Figure 1 (with detailed data in Additional file 1: Table S1) shows the percentage changes in outpatient visits for RDs associated with a 10 μg/m3 increase in concentration of each pollutant for different lag structures. In single-day lags models, an increase of 10 μg/m3 of PM2.5 and PM10 was associated with an increase of 0.159% (95% CI, 0.035–0.284%) and 0.122% (95% CI, 0.042–0.202%) in outpatient visits in the concurrent day, respectively. PM2.5 and PM10 showed similar lag patterns in association with outpatient visits for RDs. The effect estimates of PM2.5 and PM10 concentrations increased from lag day 0 to 3, and peaked at lag day 3, then decreased to lag day 5. The maximum estimates for the effects of PM2.5 and PM10 were 0.168% (95% CI, 0.072–0.265%) and 0.149% (95% CI, 0.082–0.215%), respectively. Additionally, NO2, CO and O3 were also associated with outpatient visits, the maximum estimates for the effects of were 0.527% (95% CI, 0.211–0.843%), 0.013% (95% CI, 0.003–0.023%), and 0.189% (95% CI, 0.032–0.347%), respectively. SO2 was not associated with outpatient visits. In aggregated lags models, the pooled effect estimates from lag day 0 to 5 for PM2.5 and PM10 were 0.441% (95% CI, 0.251–0.632%) and 0.388% (95% CI, 0.261–0.514%), respectively.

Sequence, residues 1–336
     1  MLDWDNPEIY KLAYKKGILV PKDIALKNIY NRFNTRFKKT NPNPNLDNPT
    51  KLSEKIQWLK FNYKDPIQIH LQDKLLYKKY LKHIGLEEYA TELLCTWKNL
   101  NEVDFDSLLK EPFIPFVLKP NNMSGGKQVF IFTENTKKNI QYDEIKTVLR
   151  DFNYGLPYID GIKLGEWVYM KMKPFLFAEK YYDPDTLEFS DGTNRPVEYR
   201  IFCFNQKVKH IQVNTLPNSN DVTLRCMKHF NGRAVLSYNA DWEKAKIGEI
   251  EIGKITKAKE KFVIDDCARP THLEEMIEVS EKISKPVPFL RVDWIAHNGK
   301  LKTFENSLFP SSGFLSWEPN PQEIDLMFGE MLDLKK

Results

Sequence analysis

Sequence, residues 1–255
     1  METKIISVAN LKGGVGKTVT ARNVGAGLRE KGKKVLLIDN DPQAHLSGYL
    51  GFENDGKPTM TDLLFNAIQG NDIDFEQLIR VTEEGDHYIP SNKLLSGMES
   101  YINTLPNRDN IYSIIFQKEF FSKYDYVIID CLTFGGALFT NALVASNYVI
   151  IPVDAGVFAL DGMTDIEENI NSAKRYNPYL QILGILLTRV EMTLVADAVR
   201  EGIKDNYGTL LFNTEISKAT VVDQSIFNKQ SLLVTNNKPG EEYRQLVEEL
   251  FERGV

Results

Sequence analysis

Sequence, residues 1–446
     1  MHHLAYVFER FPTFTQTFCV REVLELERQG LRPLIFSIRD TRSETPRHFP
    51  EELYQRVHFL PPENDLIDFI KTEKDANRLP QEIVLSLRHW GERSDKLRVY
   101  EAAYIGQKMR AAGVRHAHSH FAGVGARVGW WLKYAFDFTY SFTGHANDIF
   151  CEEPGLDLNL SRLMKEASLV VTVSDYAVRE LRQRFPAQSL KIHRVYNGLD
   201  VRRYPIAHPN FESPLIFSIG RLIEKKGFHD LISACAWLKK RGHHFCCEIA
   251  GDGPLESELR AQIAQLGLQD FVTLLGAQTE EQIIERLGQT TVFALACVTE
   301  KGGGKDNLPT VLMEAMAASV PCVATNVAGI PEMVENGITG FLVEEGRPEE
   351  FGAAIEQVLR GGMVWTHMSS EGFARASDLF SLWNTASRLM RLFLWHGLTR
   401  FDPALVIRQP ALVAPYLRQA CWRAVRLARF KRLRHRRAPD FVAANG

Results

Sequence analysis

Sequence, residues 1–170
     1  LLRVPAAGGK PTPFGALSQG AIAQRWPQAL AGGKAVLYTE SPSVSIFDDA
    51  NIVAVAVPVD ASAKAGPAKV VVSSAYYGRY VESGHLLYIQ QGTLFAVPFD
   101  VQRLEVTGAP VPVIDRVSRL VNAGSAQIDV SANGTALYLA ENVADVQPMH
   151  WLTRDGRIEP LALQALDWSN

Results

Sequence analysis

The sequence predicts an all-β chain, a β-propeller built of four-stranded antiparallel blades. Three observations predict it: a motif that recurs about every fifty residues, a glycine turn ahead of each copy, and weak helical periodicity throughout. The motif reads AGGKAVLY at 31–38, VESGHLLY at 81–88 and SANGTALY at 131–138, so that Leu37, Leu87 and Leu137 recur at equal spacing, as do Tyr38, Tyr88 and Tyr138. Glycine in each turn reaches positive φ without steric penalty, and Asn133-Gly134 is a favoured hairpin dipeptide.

Fig. 1
Fig. 1

Percentage changes in outpatient visits for RDs associated with a 10 μg/m3 increase in concentration of each pollutant

Table 3 compares the maximum effect estimates of air pollutants using single-pollutant models and two-pollutant models. The effect estimates of PM2.5 were still significant after adding SO2, CO and O3 in two-pollutant models. However, the effect of PM2.5 lose its statistical significance after adjusting for NO2. After adding other air pollutants, the effects for PM10 remained significant, indicating that the association between PM10 and outpatient visits for RDs was robust. For SO2, when PM2.5, NO2 and CO were introduced separately, a negative association with outpatient visits was observed.
Table 3

The maximum effect estimates of air pollutants using single-pollutant models and two-pollutant models

Lag day

Single-pollutant model

Two-pollutant model

Two-pollutant model

Two-pollutant model

Two-pollutant model

Two-pollutant model

PM2.5

PM2.5

PM2.5+ SO2

PM2.5 + NO2

PM2.5 + CO

PM2.5 + O3

 

Lag 3

0.168(0.072, 0.265)*

0.217(0.105,0.328)*

0.094(−0.042,0.231)

0.183(0.001,0.366)*

0.168(0.072,0.265)*

 

Lag05

0.441(0.251, 0.632) *

0.566(0.343,0.770)*

0.235(−0.024,0.495)

0.481(0.127,0.836)*

0.423(0.233,0.613)*

 

PM10

PM10

PM10 + SO2

PM10+ NO2

PM10 + CO

PM10+ O3

 

Lag 3

0.149(0.082,0.215)*

0.199(0.121,0.277)*

0.133(0.037,0.230)*